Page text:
A 69-year-old male presented with a 2-month history of dysphagia, dysphonia, pain in the right neck and right ear, and a ten-pound weight loss. Thyroid function tests were normal. A physical examination revealed a large, right-sided neck mass. Confirmed by a neck ultrasound, the mass was hypoechoic with macrocalcification and ill-defined borders measuring at least 5.5 cm. A fine needle aspiration (FNA) biopsy at an outside institution revealed malignancy best classified as primary thyroid cancer with high grade and spindle cell origin with suspicion of anaplastic thyroid cancer (ATC). The patient was then referred to our institution for further management. Laryngoscopy revealed right vocal cord paralysis. A CT scan of the neck showed a large, right thyroid lobe mass measuring 7.5 × 4.1 cm, displacing the larynx and trachea to the left and encasing the internal carotid artery by at least 180° (Figures 1 and 2 ). CT scans of the chest, abdomen, and pelvis and an MRI scan of the brain showed no definitive evidence of distant metastases. Serum thyroglobulin (Tg) level was at 41.5 ng/ml (Beckman Coulter assay with functional sensitivity of 0.1) with undetectable anti-Tg antibodies (Beckman Coulter assay with a functional sensitivity of 0.9). A repeat FNA biopsy of the right thyroid mass revealed discohesive atypical pleomorphic tumor cells consistent with ATC (Figure 3). Immunocytochemistry staining of the both FNA samples were focally positive for TTF 1, variably positive for thyroglobulin and PAX8, and negative for calcitonin, CEA, SOX-10, and p63. PD-L1 22C3 pharmDx—performed on Dako Autostainer Link 48—was positive for high PD-L1 expression with tumor proportion score (TPS) >95% (Figure 4). Molecular testing of the tumor was negative for BRAF (V600/601), KRAS (Exon 2/3/4), and NRAS mutations. Next generation sequencing of the tumor could not be done due to inadequate tissue. Liquid biopsy revealed no reportable genomic alterations. However, this was performed while the patient was on pembrolizumab treatment and not before its initiation. The tumor was deemed unresectable, and the patient declined chemotherapy and radiation therapy. Given the high PD-L1 expression, off-label intravenous pembrolizumab at 200 mg every three weeks was initiated with patient consent and absence of clinical trial accessible to the patient. One week after the first dose, the patient had significant improvement in dysphagia and resolution of pain in the right neck and ear. Restaging scans after four cycles of treatment (one cycle equaling three weeks) revealed a partial response per RECIST v 1.1 (48% decrease in the size of the tumor) (Figures 5 and 6 ). He continues to tolerate the treatment well without adverse events, except for the development of immune-mediated thyroiditis. After an initial thyrotoxic phase, the thyroiditis has progressed toward persistent hypothyroidism and has required thyroid hormone replacement therapy. The patient has received 25 doses of pembrolizumab with continued reduction in size of tumor with most recent scans performed showing approximately 66% reduction in tumor from pretherapy (Figures 7 and 8 ). The tumor has become resectable but with remaining significant potential high functional morbidity such as possible laryngopharyngectomy and tracheal and esophageal resection given its location. However, the patient continues to decline surgical therapy.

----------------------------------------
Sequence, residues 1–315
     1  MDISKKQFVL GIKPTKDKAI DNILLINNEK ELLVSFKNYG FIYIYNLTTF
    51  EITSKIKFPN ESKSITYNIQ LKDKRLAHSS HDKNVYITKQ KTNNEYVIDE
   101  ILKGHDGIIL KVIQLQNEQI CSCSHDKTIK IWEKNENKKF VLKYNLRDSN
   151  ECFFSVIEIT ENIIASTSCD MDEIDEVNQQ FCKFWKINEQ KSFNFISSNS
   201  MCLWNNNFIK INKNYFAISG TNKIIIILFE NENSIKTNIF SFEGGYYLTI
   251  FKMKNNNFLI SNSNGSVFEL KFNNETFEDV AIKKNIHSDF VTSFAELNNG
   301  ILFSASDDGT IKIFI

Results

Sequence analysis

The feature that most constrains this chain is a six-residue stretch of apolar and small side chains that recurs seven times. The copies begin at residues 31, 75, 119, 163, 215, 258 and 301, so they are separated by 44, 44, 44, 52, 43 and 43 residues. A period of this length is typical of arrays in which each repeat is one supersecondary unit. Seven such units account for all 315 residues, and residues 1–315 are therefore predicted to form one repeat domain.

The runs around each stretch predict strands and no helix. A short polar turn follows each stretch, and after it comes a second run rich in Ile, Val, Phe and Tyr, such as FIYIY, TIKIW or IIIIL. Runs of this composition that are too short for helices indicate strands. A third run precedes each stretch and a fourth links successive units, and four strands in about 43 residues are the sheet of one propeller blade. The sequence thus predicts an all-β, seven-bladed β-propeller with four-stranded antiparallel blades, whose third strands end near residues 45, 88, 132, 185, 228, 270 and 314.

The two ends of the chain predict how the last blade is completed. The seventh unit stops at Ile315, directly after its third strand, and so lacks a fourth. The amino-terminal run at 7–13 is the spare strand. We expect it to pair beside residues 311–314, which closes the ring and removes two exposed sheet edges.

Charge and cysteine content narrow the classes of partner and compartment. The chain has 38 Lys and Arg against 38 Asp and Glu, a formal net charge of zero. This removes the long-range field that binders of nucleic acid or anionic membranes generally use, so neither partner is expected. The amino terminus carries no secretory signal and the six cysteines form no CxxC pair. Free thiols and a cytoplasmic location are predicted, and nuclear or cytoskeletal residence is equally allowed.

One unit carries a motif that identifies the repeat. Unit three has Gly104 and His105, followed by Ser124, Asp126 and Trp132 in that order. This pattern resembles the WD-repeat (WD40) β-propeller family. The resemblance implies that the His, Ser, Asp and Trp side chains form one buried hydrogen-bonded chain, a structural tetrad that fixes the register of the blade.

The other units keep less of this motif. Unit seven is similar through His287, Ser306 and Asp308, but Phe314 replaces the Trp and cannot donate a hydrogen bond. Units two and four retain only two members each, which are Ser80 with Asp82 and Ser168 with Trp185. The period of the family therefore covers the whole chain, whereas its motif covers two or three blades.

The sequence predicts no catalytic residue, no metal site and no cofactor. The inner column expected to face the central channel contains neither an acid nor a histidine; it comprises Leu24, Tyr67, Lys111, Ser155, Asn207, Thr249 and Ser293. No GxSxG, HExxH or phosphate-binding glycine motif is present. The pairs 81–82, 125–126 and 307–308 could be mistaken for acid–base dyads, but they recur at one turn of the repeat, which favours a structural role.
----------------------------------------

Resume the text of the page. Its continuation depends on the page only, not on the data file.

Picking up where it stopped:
3. Discussion

The evolving understanding of the pathogenesis of ATC at the molecular level has provided insight into its management. ATC differs from well-differentiated thyroid cancer by having a higher mutation burden [7]. However, as stated before, many ATC arise from dedifferentiation of DTC. Genomically, ATC is considered to be composed of three types: one that resembles papillary thyroid cancer (PTC) and has a high prevalence of the BRAF V600E mutation; second that resembles follicular thyroid cancer (FTC) and has a high prevalence of the NRAS mutation; and third that has less identifiable genes and appears to resemble hurthle cell thyroid cancer (HCTC) [12]. In ATC patients with the BRAF V600E mutation, which is estimated to be present in 41% of patients [12], the U.S. Food and Drug Administration (FDA) approved the combination of BRAF plus MEK inhibitors (dabrafenib and trametinib, respectively). Subbiah and colleagues [8] reported 16 ATC patients with the BRAF V600E mutation that were treated with dabrafenib and trametinib with an overall response rate of 69% at a median follow-up of 47 weeks.